BEST ANSWER:   "And what's your point? I rather like my bee buzzing,:) to bad I don't have more bees buzzing, I would bottle them up and use it as a sex toy." — Cinder


And lastly, English


1) Goethe’s masterpiece, Faust, was plagiarized from what two works?

ANSWER:   “The Real Faust Book” (allegedly by Faust—yes, he was real—and his servant) and “Faust,” a play by Chris Marlowe.

BEST ANSWER:  "How to plaigerize Faust" & "Plaigerizing Faust for Dummies" " —saint


2) Who was Shakespeare’s favorite actress?

ANSWER:   he didn’t have one.  Women were not allowed on stage until a few hundred years later.

BEST ANSWER:   "Queen Mary - she acted like a tyrant." — Smoking Gun

3) What is the shortest sentance in the English Language?

ANSWER:   “ I’m. ”  (“ I'd. ” also works, as does “ I's. ” as in “I was”)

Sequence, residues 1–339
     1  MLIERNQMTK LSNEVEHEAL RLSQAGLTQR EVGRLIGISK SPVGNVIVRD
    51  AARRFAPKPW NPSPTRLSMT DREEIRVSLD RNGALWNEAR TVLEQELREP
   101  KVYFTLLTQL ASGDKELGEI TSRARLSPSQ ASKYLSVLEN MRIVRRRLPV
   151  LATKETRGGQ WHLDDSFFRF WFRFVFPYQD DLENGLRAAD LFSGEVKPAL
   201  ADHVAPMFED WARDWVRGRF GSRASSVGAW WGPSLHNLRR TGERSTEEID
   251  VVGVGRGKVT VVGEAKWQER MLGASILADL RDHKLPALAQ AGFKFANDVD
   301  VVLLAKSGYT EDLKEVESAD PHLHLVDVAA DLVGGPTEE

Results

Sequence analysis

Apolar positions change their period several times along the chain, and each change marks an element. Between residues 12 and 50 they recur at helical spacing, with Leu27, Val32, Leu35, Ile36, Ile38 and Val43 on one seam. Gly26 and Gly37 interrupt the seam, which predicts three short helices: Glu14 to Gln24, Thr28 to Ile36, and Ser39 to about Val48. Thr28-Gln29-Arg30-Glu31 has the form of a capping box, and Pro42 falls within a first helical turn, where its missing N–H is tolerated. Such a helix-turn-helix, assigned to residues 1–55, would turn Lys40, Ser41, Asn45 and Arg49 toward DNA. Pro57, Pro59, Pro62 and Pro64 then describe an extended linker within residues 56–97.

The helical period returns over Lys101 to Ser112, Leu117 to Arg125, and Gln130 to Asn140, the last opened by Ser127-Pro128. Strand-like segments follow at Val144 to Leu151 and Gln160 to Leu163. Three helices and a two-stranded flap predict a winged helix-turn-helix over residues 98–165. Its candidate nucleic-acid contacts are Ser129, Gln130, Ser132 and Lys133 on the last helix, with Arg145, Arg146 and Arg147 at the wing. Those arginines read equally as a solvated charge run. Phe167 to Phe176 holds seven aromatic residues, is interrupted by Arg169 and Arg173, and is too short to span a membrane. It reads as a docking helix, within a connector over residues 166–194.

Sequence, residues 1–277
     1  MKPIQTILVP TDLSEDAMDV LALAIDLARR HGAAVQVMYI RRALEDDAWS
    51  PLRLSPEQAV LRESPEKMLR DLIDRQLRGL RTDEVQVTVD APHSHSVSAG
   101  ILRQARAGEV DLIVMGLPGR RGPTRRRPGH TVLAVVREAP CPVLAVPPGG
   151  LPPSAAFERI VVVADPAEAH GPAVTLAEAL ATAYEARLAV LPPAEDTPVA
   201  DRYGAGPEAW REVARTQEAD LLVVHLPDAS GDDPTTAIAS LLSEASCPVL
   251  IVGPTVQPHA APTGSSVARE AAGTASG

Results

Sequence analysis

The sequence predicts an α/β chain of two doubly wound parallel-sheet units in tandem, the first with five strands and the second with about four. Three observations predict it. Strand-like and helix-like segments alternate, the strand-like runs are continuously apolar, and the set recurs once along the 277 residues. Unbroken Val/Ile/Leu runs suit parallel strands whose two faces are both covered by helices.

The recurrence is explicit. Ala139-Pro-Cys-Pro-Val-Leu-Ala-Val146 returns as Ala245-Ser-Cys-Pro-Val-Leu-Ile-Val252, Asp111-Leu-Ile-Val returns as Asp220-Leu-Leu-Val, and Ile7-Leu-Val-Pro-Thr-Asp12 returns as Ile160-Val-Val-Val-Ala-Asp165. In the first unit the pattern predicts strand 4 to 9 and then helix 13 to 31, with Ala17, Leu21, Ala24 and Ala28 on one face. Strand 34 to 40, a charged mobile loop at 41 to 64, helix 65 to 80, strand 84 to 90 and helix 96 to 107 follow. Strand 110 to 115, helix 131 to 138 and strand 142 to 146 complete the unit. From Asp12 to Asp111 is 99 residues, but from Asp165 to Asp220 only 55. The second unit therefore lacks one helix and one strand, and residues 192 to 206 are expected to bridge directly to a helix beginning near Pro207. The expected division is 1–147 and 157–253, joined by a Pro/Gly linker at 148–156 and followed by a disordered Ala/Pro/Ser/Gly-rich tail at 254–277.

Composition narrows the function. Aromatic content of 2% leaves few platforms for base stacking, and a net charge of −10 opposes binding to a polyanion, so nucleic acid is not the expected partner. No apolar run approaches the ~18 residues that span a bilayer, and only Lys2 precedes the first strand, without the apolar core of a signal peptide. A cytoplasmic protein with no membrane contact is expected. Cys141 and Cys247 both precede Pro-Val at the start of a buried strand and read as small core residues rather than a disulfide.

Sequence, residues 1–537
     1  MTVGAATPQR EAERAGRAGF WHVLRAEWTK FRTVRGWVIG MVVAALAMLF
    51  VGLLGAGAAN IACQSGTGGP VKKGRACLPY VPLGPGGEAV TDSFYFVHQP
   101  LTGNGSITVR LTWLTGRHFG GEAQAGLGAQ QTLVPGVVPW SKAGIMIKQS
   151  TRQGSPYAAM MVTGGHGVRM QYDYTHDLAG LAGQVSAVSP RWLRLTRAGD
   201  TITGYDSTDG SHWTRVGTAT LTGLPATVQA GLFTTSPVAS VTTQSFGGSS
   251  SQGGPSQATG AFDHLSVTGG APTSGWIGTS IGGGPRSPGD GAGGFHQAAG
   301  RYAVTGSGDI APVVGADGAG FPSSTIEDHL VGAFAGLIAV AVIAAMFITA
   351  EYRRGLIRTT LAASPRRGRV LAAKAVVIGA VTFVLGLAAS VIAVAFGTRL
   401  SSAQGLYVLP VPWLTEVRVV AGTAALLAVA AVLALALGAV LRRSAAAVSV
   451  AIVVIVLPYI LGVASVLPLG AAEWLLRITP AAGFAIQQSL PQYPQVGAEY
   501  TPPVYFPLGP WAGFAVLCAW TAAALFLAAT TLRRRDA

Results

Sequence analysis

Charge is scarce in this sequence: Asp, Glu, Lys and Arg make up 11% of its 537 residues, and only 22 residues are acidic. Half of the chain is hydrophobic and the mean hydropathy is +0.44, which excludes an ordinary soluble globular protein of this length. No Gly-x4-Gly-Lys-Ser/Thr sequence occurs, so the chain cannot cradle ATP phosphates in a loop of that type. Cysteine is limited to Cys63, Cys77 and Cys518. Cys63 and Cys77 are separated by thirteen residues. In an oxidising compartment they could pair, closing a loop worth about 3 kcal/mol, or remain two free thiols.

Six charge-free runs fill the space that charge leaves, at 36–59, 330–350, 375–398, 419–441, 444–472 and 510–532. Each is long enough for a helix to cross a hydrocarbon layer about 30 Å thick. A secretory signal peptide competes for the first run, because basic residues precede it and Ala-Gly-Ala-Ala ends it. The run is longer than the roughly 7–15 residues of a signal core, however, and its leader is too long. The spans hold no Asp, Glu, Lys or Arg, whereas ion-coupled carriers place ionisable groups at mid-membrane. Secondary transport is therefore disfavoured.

BEST ANSWER:   "Jesus wept." — Cinder(That is actually the shortest verse in The Bible (John 11:35) so I gave her a style point for it.)


5) True or False: Emily Dickenson died a virgin.

ANSWER:   False!  (According to my feminazi Women’s Lit teacher back at FSU, she had an infrequent yet protracted lesbian affair with a neighbor a few miles away, but also had 1 heterosexual experience, with her pen pal/agent. 

BEST ANSWER:   "Obviously a virgin...have you ever seen pictures of that hag?" — Marilewanna


6) What is the longest poem ever written?

ANSWER:   The Mahabharata.  If you’ve never heard of it, it is to Hinduism what the Torah is to Jews, except 3 times longer.